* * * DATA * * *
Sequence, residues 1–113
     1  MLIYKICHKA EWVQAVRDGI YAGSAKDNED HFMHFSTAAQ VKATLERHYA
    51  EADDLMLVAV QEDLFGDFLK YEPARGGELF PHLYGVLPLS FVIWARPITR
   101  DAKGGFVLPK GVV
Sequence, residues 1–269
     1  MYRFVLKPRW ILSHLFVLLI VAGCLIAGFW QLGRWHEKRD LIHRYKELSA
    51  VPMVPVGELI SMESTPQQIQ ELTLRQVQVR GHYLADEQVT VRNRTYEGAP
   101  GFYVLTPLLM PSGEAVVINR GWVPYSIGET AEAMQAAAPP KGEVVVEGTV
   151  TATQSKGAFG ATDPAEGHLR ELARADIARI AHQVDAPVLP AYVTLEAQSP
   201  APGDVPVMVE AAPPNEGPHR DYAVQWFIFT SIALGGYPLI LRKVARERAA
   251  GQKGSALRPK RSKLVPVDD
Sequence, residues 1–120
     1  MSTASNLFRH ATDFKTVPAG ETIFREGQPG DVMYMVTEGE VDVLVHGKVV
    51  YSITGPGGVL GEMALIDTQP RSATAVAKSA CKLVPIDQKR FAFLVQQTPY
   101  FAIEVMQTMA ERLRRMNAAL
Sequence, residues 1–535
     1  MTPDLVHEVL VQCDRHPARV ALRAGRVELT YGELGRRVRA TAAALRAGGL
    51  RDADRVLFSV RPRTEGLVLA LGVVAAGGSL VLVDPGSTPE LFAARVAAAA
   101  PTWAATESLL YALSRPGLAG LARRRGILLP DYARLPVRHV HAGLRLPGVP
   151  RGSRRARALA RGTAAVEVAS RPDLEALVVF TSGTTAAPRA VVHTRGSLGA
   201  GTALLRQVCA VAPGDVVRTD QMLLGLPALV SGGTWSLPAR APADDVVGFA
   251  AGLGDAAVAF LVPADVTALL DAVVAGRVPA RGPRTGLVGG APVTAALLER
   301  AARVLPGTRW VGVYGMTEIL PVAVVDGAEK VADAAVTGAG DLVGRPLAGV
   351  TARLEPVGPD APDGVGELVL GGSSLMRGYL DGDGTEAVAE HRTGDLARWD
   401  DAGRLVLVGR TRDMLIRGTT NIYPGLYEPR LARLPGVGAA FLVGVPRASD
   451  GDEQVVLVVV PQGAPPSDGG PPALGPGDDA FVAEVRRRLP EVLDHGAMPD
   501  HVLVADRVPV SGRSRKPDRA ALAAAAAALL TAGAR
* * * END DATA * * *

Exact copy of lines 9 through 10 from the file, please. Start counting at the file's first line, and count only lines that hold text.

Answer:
   151  TATQSKGAFG ATDPAEGHLR ELARADIARI AHQVDAPVLP AYVTLEAQSP
   201  APGDVPVMVE AAPPNEGPHR DYAVQWFIFT SIALGGYPLI LRKVARERAA